Dr Zafrullah’s single life was equal to a number of lives of others, Dr Bijon Shil once wrote.
It was late March, 2020. Bangladesh had just declared a country-wide lockdown for ten days because Covid-19 cases were on the rise – so far four deaths and 39 infections were reported.
The pandemic’s epicentre was shifting from China to Italy, but infections were spiking all around the world regardless. The panic was palpable in Bangladesh.
It was during this time that I met Dr Zafrullah Chowdhury for the first time. Scheduling an interview with Zafrullah was easy – he was the sort of a man who always made time.
The interview was scheduled at Gonoshasthaya Nagar Hospital in Dhanmondi. However, I did not like my odds, because journalists from various media houses had already lined up, waiting on the good doctor who was in the middle of his kidney dialysis. I wasn’t sure how a person, right after going through a dialysis, would give an interview to any journalist, let alone an entire group of us waiting with lights and cameras.
But Zafrullah, always dressed in lungi and worn-out shirt, sitting on his wheelchair and attending all sorts of meetings, gatherings and protests, pulled through.
When we walked inside his hospital room, he was half-lying on the bed. He tried to compose himself after seeing us, and the interview began.
I was terrified.
I didn’t know how to ask questions to a person in such a state – especially after one of our colleagues from an online portal managed to annoy him with some inconsiderate questions.
Zafrulllah, in his weakened state, answered most of our questions.
“The doctors have to be courageous right now. They should not avoid an infected patient.
If doctors and nurses show fear, people will panic,” said the health expert. “The government should also aid the poor so they can maintain livelihoods at home.”
Speaking about courage in such desperate times was right on brand for the freedom fighter, who moved back to his motherland – leaving behind his FRCS studies in London – to fight the Pakistani forces.
He took part in guerilla warfare in the early stages of our Liberation War. Later, he established the first field hospital for freedom fighters and refugees at Melaghar.
Soon after Bangladesh’s independence, his work to rebuild a healthcare system began.
The Bangladesh Field Hospital had received objections from the government in 1972 regarding its name. The issue was settled through the intervention of Bangabandhu Sheikh Mujibur Rahman – Zafrullah’s “Mujib Bhai.” Together, they picked the hospital’s present name ‘Gonoshasthaya Kendra’.
On that day in Dhanmondi, the media was keen on interviewing the good doctor partly because he was a public health intellectual, and partly because they wanted to learn more about his Rapid Dot Blot Covid-19 testing kit project. “The conventional system will cost Tk 12,000 to Tk 13,000 to test a single patient, we will do it for Tk 250 if the government exempts us from tax and vat. And its efficiency and accuracy is very high,” he said to me.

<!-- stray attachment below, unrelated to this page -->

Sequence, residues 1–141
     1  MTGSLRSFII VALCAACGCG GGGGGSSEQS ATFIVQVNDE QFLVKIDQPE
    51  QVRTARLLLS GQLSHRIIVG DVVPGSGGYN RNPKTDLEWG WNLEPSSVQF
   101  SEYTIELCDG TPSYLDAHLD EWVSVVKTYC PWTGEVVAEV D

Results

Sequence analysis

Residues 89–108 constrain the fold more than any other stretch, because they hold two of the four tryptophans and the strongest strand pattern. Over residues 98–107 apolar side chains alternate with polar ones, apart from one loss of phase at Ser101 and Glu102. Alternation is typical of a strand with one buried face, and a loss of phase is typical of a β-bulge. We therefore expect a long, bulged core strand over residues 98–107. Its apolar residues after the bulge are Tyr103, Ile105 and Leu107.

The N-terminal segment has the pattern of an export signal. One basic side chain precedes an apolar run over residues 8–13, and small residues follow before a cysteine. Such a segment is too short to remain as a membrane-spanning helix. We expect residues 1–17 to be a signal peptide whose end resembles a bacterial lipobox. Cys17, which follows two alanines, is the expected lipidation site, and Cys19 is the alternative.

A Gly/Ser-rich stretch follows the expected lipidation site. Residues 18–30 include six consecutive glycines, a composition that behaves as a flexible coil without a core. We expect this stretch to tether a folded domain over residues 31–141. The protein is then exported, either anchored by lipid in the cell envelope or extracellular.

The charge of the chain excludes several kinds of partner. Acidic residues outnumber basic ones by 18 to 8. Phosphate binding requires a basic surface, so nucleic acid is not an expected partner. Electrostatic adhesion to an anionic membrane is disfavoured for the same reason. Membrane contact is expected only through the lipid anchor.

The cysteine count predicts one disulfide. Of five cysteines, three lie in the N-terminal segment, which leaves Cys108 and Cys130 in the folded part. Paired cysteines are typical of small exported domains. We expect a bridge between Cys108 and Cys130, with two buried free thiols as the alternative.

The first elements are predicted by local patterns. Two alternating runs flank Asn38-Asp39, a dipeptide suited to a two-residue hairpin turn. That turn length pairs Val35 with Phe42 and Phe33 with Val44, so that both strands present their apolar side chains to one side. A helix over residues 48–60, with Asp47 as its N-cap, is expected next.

The project did not take off, but you could see his dynamism, and his innate drive to help people – and that is what he did his entire life at Gonoshasthaya Kendra.
“Following the approval at 1:00 pm (Rapid Dot Blot’s approval by the government), we ran to the banks, because they ended their business hours by 2:00 pm on Thursdays. We managed to send money abroad. We are importing the raw materials from England,” he said.
Even half-lying on that bed, when he spoke of the project, his face would light up with excitement. Even while almost dozing off, a smile was plastered on his face. He said we should be very proud of Dr Bijon Kumar Sil for leading the project. The admiration for Dr Sil’s work the good doctor had was palpable. Dr Zafrullah’s drive was the catalyst that created the grounds for the pharmaceutical revolution that Bangladesh has experienced over years.
As chief advisor of the expert committee for Bangladesh’s national medicine policy in 1982, he was an instrumental figure in implementing a policy that laid the groundwork for increasing local production of medicines and improving its quality.
Dr Bijon Kumar Sil once wrote in an article that Dr Zafrullah’s single life was equal to a number of lives of others, and it was not possible to discuss his worth in a single column.
He had a voice that never feared to speak out. He lived a life of courage and honesty.
Four days after I met Dr Zafrullah, he tested positive with Covid-19. During a time when we secluded our elderly from the outside world to save them from the pandemic, Zafrullah pushed forward.
He refused to go abroad for treatment, instead he chose the hospital he built.
Dr Zafrullah passed away on 11 April 2023, at the age of 81.